March 23, 2012

GIVEN THE CALLS for the elimination of the informal international personnel system that awards the presidency of the World Bank to an American, President Obama was under some pressure in selecting a replacement for Robert Zoellick, the capable executive who is retiring in June. The president needed to find a nominee known not so much for political connections in Washington as for a demonstrated ability to carry on the bank’s mission of fostering development, especially in the poorest countries. We believe Mr. Obama has done just that in choosing Jim Yong Kim, a physician who has dedicated most of his career to delivering health care to destitute people worldwide.

Dr. Kim, who has been president of Dartmouth College since 2009, is a departure from the World Bank’s previous presidents in more ways than one. He is the first person of Asian descent to be nominated; Dr. Kim was born in South Korea and immigrated to the United States at the age of 5. Previous presidents have been bankers, politicians or, like Mr. Zoellick, technocrats who have previously served in government. Dr. Kim is the first nominee who has dedicated himself to development work, both in academia and in practice.

With fellow physician and Harvard professor Paul Farmer, Dr. Kim founded Partners in Health, an organization created to deliver quality health care to some of the world’s poorest people, including in Haiti, Peru and Rwanda. One of its innovations was to enlist the poor themselves in the delivery of their own health care. Later, at the World Health Organization, Dr. Kim oversaw an expansion of the delivery of anti-retroviral drugs to combat HIV to 3 million more people in the developing world.

Under Mr. Zoellick, the World Bank has demonstrated that it still has a role to play in a world where some developing countries attract abundant private capital. It remains a vital resource for the poorest nations; Mr. Zoellick saw through a capital increase that allowed the bank to help some of those countries through the global recession. As Columbia University economist Jeffrey Sachs, a candidate for the World Bank position, pointed out, “at its best, the bank serves as a powerhouse of ideas and a meeting ground for key actors who together can solve daunting problems of poverty, hunger, disease and environmental degradation.” Mr. Sachs withdrew his candidacy on Friday, strongly endorsing Dr. Kim.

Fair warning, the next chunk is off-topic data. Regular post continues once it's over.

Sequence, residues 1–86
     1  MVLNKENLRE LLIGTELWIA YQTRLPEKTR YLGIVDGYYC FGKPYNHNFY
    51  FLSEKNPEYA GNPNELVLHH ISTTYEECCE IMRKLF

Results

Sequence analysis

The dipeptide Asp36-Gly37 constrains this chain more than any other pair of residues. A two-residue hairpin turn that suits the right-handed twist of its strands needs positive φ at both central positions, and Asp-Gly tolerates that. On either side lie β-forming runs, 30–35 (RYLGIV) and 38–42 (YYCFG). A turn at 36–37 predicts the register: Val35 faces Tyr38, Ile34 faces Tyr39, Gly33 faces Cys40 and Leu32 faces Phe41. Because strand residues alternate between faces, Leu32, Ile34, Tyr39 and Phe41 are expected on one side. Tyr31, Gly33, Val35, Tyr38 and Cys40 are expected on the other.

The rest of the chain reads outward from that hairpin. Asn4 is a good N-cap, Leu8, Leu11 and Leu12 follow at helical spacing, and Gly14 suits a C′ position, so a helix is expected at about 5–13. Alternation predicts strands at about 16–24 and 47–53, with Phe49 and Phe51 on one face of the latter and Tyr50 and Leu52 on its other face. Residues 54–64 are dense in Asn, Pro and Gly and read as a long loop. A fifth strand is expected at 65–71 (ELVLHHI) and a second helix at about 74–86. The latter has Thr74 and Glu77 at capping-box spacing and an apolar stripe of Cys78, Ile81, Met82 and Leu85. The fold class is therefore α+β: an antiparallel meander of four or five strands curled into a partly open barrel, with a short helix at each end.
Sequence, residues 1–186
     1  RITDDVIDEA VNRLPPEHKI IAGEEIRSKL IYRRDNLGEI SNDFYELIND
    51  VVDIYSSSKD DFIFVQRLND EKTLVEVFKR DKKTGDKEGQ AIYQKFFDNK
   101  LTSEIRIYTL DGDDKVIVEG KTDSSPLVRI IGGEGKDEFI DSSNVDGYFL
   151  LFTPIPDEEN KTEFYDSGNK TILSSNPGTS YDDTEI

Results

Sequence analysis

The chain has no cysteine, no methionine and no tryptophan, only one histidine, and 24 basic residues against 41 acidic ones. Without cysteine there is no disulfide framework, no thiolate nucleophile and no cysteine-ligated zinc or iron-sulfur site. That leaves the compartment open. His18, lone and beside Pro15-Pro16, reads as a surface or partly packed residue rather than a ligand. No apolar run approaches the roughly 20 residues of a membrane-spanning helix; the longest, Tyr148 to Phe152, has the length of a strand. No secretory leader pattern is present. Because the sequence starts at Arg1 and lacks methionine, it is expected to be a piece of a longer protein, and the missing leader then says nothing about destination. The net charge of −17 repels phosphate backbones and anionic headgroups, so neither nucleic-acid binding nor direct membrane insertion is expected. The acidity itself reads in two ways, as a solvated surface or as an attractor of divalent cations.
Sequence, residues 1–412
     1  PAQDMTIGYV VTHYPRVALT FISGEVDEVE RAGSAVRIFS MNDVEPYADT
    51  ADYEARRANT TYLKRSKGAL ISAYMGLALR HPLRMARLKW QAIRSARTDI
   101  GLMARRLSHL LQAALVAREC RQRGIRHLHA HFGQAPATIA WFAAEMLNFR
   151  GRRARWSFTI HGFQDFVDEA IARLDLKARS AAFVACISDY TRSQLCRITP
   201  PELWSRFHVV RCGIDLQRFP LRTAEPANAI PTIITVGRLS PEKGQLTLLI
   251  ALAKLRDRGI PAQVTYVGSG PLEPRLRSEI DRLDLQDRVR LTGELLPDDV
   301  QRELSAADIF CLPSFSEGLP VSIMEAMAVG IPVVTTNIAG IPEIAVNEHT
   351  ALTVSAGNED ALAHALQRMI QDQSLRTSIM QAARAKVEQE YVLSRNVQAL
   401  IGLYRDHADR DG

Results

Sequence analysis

The U.S. nominee may still face challengers from other nations; three African governments are backing Nigeria’s finance minister, Ngozi Okonjo-Iweala. But those who would reject an American nominee ought to consider whether the United States should be entirely excluded from leadership roles in international organizations. As it is, Americans are ruled out in competitions for the head of the International Monetary Fund and secretary general of the United Nations. While it would be well if the top jobs at international organizations were treated as open to all candidates, it’s also important that highly qualified nominees not be ruled out — even if they happen to be American.